“(1) An Amnesty is declared in respect of any Ugandan who has at any time since the 26th day of January, 1986, engaged in or is engaging in war or armed rebellion against the government of the Republic of Uganda by –
(b) Collaborating with the perpetrators of the war or armed rebellion;
(c) Committing any other crime in furtherance of the war or armed rebellion.
Section 3 governs the grant of amnesty. It states:
b) Renounces and abandons involvement in the war or armed rebellion,
c) Surrenders at any such place or to any such authority or person any weapons in his or her possession ; and
d) Is issued with a certificated of amnesty as shall be prescribed in regulations to be made by the minister.
(b) declares his or her intention to apply for the amnesty under this Act.
(b) he or she is not charged or detained to be prosecuted for any offence not falling under section 2.”
Learned counsel submitted that the applicant had fulfilled the requirements of the law and the DPP had a duty to notify the Amnesty Commission that the applicant had other charges not related to the rebellion. The DPP did not. Instead he went ahead to charge him with offence related to the rebellion.
Counsel further submitted that the Amnesty Act was enacted in public interest and laws are made to address social, economic, political and other issues. He pointed out that the Amnesty Act was enacted to address the war in the northern part of Uganda. He complained that the applicant is being discriminated against. He cited the case of Muller & another v Namibia (2002) AHRLR 8 (HRC 2002) for his contention.
Learned counsel ended his submission stating that the act of the DPP and the Amnesty Commission is discriminative and amounts to unequal treatment under the law.
Ms Muteesi did not agree. She stated that the applicant cannot derive any legal right to amnesty because the Amnesty Act is unconstitutional and therefore null and void under Article 2 of the Constitution. She stated that this court cannot validly order the Amnesty Commission to act under the Act once it has been brought to its attention that the Act itself is inconsistent with the Constitution.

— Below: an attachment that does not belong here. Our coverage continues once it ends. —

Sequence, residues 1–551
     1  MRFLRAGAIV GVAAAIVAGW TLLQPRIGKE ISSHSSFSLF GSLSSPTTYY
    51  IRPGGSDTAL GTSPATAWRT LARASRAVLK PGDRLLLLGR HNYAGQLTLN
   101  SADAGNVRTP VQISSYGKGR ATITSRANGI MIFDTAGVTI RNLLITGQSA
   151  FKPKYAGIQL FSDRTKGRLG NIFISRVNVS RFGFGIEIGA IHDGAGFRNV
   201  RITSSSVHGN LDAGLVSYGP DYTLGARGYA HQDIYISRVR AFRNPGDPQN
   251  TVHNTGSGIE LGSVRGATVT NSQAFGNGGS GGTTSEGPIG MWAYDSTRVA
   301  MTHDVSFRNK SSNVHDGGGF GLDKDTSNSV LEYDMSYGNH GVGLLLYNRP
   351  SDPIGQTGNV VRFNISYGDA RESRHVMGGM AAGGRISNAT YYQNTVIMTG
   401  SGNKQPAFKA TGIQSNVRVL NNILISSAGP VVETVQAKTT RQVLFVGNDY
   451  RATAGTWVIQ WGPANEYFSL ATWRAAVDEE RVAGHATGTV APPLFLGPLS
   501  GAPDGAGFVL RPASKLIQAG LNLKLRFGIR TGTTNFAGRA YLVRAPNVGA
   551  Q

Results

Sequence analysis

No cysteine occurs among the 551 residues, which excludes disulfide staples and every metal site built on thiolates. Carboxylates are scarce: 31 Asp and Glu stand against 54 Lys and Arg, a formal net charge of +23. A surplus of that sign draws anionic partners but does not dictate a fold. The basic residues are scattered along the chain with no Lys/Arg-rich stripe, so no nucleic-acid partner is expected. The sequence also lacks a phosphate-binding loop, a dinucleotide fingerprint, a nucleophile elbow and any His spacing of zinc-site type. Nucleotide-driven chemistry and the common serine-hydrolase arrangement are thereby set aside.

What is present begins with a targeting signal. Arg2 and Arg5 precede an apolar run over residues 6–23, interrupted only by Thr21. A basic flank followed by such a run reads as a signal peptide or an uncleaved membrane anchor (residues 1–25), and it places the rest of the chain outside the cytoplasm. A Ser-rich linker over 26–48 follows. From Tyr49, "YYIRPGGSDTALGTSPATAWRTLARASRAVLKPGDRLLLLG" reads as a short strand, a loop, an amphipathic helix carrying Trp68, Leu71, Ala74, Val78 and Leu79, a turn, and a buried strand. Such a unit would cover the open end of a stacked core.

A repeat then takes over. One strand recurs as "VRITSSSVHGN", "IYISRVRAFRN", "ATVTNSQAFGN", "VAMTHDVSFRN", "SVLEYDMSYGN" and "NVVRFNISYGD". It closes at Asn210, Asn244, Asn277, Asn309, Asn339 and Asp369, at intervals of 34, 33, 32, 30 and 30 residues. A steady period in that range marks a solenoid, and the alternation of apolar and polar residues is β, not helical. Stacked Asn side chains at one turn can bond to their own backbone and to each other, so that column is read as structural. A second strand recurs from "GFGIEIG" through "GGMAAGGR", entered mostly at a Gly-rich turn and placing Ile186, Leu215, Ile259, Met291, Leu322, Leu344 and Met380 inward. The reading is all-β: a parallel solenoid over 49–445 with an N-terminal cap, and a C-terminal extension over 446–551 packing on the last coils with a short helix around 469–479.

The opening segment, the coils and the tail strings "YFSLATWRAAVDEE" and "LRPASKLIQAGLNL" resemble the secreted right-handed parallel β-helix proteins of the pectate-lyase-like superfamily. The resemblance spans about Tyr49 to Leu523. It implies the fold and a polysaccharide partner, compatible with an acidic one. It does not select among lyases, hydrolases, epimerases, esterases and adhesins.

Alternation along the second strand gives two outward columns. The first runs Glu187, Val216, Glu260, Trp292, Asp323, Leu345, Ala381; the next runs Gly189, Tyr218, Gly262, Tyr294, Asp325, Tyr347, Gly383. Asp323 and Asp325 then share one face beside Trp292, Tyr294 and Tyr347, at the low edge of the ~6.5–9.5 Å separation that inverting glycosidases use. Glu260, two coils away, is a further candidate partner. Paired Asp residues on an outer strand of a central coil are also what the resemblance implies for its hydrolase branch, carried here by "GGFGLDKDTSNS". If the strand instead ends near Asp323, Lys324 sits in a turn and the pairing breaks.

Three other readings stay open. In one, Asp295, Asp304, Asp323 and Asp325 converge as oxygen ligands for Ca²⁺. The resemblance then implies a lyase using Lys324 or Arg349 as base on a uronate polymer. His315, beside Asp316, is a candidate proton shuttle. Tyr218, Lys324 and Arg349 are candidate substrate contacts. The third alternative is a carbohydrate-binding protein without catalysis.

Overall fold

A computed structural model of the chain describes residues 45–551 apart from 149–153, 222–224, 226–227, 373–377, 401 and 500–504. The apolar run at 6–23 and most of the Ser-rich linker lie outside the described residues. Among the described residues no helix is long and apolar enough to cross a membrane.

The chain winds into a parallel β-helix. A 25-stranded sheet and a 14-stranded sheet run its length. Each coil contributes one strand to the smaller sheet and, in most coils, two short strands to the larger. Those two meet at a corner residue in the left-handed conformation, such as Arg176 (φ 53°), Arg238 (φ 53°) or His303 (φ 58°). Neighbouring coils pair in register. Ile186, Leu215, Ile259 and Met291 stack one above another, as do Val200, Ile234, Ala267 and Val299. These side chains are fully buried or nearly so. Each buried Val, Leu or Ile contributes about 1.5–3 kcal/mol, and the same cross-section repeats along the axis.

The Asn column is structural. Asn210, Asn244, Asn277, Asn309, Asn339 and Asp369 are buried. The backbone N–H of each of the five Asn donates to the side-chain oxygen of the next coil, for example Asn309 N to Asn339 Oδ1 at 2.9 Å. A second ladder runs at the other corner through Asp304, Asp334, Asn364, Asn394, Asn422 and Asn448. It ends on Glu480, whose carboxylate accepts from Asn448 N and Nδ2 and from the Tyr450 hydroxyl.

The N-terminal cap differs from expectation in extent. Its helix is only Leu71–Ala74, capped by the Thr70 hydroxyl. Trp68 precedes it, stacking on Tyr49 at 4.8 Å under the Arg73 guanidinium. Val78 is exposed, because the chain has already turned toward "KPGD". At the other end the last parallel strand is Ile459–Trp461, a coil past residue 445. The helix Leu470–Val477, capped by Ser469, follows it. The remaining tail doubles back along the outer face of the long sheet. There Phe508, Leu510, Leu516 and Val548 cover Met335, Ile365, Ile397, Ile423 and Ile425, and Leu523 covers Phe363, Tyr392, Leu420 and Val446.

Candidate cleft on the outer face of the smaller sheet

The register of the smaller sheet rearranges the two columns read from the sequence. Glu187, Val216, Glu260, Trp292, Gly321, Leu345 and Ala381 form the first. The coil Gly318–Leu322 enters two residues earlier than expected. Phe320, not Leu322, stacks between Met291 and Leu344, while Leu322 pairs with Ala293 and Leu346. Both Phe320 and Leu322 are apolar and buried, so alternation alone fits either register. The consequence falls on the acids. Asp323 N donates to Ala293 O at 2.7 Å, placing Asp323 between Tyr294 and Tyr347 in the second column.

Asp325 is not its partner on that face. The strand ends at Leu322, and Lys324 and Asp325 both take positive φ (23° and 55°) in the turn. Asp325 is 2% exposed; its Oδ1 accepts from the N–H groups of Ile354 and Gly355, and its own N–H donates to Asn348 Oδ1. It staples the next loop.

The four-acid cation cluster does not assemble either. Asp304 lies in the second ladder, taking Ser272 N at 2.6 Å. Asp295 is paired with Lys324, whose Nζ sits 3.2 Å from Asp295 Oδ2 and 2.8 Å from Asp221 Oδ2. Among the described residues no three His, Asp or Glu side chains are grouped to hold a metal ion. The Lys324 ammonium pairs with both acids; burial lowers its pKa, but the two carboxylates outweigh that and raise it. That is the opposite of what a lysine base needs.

Learned counsel contended that the Amnesty Act infringes on the constitutional independence of the DPP guaranteed in Article 120 (3) (b) (c) (d), (5) and (6) of the Constitution.
She contended that in exercising his or her powers whether to prosecute or to discontinue criminal prosecution, the DPP “shall not be subject to the control of any person or authority” including Parliament. She claimed that the Amnesty Act subjects the independence of the DPP to the control of Parliament in the performance of his duties. She further stated that Article 120 (5) provides that the DPP in exercising his / her powers shall have regard to public interest, the administration of justice and the need to prevent the abuse of legal process.
She stated that the DPP has discretion which must be guided by these considerations. Learned counsel complained that the Amnesty Act granted blanket amnesty without provision for DPP’s consent, denied him the opportunity to consider the facts, circumstances of individual cases, the available evidence and then make an independent decision whether to prosecute or not to prosecute. She pointed out a number of instances which claimed interfered with the discretion of the DPP to determine the prosecution of offences under the Amnesty Act. She mentioned the following instances: